Hey guys this post will be on Long QT syndrome as evident from the title :P.

In a brief introduction, it can be said that LQTS is simply because of abnormal myocardial repolarization most often due to a mutation in ion channel-associated gene. It can lead to fatal ventricular arrhythmias such as torsades de pointes.
So there is increased risk of Sudden Cardiac Death.

It has 3 common variants:

1. LQT1: Loss of function mutation in KCNQ1 gene. And in ECG you see early-onset broad-based T wave.

2. LQT2: Mutation in KCNH2 gene. In ECG T waves are of low amplitude, broad based and maybe bifid.

3. LQT3: Mutation in SCN5A gene. In ECG, there is prolonged ST segment with late-appearing T wave.

We use the ECG to diagnose LQTS and we estimate the probability by using Schwartz score.
Some of the important criteria are :-

1. QTc more than 480msec
2. T wave alternans (Varying amplitudes)
3. Torsades de pointes
4. Notched T waves in atleast 3 leads
5. Syncopal attacks with and without stress
6. Congenital deafness
7. Significant family history

That's all!

- VM

Wednesday, February 22, 2017

Fact of the day: Muscle relaxant of choice during anaesthesia in renal and hepatic failure

Did you know? Atracurium, cisatracurium, and mivacurium have theoretical advantages for patients with hepatic or renal failure because these drugs undergo extensive plasma degradation. 

Stigmata of Hypercholesterolemia


There are certain physical stigmata of hypercholesterolemia that help the clinician to suspect FH in a patient with a premature cardiovascular disease:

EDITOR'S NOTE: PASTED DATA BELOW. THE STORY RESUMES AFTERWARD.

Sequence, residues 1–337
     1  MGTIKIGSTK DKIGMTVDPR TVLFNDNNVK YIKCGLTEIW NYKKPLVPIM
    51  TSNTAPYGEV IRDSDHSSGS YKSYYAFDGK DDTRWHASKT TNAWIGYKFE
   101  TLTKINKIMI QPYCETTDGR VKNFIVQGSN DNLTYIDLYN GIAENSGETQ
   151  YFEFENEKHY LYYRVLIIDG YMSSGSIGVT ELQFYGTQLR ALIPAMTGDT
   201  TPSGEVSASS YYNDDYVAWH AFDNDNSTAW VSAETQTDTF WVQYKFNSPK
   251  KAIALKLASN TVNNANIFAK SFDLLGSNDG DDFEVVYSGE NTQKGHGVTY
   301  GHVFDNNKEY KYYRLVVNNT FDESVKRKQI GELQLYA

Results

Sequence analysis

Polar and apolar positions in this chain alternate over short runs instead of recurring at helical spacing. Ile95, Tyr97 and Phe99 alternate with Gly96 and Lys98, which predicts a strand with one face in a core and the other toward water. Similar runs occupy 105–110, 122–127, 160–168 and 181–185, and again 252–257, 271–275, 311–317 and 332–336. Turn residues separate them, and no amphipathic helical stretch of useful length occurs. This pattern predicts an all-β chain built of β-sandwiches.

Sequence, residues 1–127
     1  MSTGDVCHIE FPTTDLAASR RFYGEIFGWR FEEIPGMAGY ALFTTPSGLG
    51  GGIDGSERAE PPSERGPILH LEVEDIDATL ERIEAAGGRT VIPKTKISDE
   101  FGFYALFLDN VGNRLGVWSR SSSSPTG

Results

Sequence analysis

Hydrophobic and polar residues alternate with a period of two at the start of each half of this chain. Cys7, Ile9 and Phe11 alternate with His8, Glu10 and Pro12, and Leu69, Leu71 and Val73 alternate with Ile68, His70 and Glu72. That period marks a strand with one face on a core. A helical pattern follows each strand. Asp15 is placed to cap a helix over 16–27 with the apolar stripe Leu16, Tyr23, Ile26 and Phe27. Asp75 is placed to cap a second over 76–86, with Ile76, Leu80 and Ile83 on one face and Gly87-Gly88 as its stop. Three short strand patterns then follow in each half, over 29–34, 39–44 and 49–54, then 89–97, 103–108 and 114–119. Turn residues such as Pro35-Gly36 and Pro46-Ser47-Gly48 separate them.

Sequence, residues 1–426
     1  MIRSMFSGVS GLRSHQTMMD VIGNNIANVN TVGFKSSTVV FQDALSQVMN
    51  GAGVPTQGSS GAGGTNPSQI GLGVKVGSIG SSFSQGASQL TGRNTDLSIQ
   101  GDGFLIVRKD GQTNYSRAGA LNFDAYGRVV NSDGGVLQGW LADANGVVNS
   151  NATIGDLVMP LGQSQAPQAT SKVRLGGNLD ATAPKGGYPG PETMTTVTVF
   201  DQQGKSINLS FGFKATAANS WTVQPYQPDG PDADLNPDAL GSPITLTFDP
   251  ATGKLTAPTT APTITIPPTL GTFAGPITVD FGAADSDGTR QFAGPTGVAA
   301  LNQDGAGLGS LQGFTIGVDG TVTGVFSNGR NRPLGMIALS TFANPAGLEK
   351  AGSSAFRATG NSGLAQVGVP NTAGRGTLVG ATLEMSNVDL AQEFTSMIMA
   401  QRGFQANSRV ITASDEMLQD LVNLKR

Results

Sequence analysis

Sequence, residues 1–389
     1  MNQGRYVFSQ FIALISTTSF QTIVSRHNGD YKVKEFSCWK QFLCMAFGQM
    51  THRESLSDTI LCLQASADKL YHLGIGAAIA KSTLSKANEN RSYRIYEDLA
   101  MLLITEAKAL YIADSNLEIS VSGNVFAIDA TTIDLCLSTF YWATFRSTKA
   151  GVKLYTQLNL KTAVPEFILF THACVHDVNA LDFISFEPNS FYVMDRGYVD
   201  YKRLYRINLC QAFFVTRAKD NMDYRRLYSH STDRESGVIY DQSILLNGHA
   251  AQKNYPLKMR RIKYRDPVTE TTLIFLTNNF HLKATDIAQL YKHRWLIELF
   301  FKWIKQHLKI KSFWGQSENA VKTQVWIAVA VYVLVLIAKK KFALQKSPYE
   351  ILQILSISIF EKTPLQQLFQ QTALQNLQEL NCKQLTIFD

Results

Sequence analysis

- Xanthelasma (cholesterol deposits on both eyelids)
- Arcus corneae (bilateral; detected by fifth decade of life)
- Tendinous xanthomas (in hand and feet)

That's all
- Jaskunwar Singh

Tuesday, February 21, 2017

Top 10 series: Magnesium sulfate

Here is the video!

By A. P. Burkholderia

Fact of the day: GH hormone

The growth of the brain and eyes is not controlled by GH hormone :)

Fact of the day: Talking to yourself is a sign of smartness

"Look at that guy, roaming around here and there in the marketplace, muttering words and talking to himself. He seems totally insane. Doesn't he?"

Micro-organism series: Staphylococcus aureus

Hello awesomites here is our first bacteria of micro-organism series - Staphylococcus aureus

Aerobes and facultative anaerobes
Diameter: 1 micrometer
Gram profile: Gram positive Cocci
Arrangement: Grape like clusters
Motility: Non-motile
Sporeing or not: Non-sporing
Capsule: Usually capsulated. Non-capsulated strains have small amount of capsular material on the surface

Cultural characteristics:

Ordinary media: They grow readily with temperature range of 10-42°C ( Best at 37°C) and pH around 7.4 - 7.6

Nutrient agar: